Show Space: Curating Art in and from East Central Europe

Architectures of Gender. Contemporary Women’s Art in Poland. SculptureCenter, Long Island City, New York, 11.04. – 8.06. 2003

Participating artists: Izabella Gustowska, Elzbieta Jablonska, Katarzyna Jozefowicz, Agnieszka Kalinowska, Katarzyna Kozyra, Zofia Kulik, Natalia LL, Dorota Nieznalska, Hanna Nowicka-Grochal, Paulina Olowska, Anna Plotnicka, Jadwiga Sawicka, Dominika Skutnik, Monika Sosnowska, Julita Wojcik, Karolina Wysocka.

In this new series, curators from East-Central Europe talk about recent exhibition projects. We begin the series with a report by Aneta Szylak (gdansk) on her recent project Constructing Architectures of Gender. Aneta Szylak, curator based in Gdansk, Vice-President of the Wyspa Progress Foundation, a non-profit organization established in 1994. In 1998 Ms. Szylak founded the Center for Contemporary Art Laznia (The Bathhouse) and was its director until spring 2001. Curated several shows, i.e.: “Architectures of Gender” [2003], “All you need is love” [2000], “Public Relations” [1999]; “Where are you from?” [1998]. She co-edited a book “The Site of Idea. The Idea of Site” [1995]. Has written numerous texts published in i.e.: Art Journal, n.paradoxa, Praesens.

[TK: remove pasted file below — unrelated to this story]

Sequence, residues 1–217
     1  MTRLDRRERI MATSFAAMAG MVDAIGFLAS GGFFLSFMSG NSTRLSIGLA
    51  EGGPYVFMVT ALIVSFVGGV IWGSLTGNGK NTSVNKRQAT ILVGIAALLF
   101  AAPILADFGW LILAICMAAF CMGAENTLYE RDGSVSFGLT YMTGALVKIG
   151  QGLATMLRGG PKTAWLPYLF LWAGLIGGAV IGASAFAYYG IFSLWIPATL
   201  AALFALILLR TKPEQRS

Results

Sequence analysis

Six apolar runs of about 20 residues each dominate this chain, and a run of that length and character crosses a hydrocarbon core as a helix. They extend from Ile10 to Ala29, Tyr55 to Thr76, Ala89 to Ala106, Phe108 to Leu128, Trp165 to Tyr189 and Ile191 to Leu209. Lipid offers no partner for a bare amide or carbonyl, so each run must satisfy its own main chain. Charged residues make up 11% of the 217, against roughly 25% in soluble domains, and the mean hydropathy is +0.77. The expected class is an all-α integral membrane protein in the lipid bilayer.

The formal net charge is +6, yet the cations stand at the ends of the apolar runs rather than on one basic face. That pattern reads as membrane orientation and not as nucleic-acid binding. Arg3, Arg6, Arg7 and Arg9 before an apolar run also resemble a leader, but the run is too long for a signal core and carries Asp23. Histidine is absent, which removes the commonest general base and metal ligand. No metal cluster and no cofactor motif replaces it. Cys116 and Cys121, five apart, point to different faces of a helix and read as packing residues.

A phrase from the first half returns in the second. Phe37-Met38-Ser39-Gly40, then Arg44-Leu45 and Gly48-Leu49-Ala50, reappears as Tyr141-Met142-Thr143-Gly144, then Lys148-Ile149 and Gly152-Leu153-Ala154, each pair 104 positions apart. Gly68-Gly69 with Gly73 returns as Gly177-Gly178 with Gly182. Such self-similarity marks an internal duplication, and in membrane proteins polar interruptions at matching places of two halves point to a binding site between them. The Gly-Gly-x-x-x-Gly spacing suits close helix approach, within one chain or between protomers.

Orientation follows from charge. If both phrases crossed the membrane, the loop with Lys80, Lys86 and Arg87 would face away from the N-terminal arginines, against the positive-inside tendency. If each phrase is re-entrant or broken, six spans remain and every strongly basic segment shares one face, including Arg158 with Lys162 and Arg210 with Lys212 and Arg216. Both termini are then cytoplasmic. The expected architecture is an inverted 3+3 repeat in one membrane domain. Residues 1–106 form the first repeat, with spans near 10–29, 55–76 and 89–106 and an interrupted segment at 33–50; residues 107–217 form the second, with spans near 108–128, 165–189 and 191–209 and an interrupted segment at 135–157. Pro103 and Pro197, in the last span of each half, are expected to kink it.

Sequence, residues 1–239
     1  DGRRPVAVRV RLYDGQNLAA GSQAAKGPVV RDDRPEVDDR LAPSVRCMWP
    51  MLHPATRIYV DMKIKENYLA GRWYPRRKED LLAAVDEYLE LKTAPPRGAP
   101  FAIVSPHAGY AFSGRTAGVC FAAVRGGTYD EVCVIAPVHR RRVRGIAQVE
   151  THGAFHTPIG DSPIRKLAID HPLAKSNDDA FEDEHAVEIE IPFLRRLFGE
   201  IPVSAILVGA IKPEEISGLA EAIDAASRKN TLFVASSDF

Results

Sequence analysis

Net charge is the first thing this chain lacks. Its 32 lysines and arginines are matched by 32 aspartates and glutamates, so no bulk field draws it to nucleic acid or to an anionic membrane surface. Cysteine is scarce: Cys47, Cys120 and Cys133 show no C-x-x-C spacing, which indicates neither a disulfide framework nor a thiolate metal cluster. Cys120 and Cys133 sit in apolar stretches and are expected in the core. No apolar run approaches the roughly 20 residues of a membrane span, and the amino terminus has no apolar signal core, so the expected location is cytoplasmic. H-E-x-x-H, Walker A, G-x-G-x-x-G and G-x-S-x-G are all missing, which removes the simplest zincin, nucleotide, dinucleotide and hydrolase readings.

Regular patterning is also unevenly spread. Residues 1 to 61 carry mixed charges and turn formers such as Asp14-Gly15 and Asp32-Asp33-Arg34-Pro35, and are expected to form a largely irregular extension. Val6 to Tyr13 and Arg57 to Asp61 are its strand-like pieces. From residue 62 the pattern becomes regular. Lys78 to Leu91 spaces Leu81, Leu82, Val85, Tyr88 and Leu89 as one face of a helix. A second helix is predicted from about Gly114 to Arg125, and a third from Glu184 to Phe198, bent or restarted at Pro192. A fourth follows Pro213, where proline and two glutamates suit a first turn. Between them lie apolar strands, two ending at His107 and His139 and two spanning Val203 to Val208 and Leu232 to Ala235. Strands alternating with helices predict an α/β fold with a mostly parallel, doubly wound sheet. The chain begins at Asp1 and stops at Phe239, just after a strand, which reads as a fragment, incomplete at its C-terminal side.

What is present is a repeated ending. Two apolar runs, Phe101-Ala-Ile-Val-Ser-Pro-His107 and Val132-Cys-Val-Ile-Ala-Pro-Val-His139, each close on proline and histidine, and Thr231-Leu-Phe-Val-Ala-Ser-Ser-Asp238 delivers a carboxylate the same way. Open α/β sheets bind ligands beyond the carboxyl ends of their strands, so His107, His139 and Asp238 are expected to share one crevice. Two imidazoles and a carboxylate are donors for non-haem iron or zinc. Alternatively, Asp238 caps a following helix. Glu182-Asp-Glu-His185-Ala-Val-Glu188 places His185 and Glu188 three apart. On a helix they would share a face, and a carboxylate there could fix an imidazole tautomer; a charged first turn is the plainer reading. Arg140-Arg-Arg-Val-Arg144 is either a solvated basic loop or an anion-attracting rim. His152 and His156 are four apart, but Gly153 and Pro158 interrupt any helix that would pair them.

Commissioned to curate the Polish exhibition in one of the New York art institutions, I faced the wide range of problems associated with the preparation of show that is geographically, nationally, and gender defined.

That means that it may become also politically defined. And if so, how might this may reflect the expectations toward people from our part of Europe in general? Do we really want to fulfill the expectations, to confirm the established vision or to struggle against it?

Are we going to take a stance or to play the strategy? This is one of the general issues involved in being a curator from Central Europe, shaped by certain geographical, political, historical, and artistic contexts. And probably that is why Architectures of Gender. Contemporary Women’s Art in Poland, an exhibition I curated for the SculptureCenter in New York in Spring 2003, was the project that played or circumnavigated some of the components delineated by the title.

The aim was to create the channel for art from Poland, barely known in New York, and to make it a part of the wider artistic discourse, without playing the Central-European exotics and breaking through the clichés about “Polish feminism.”

It was an endeavor to target beyond national representation and to serve as a means of translation between the cultural paradigms of Central Europe and of New York.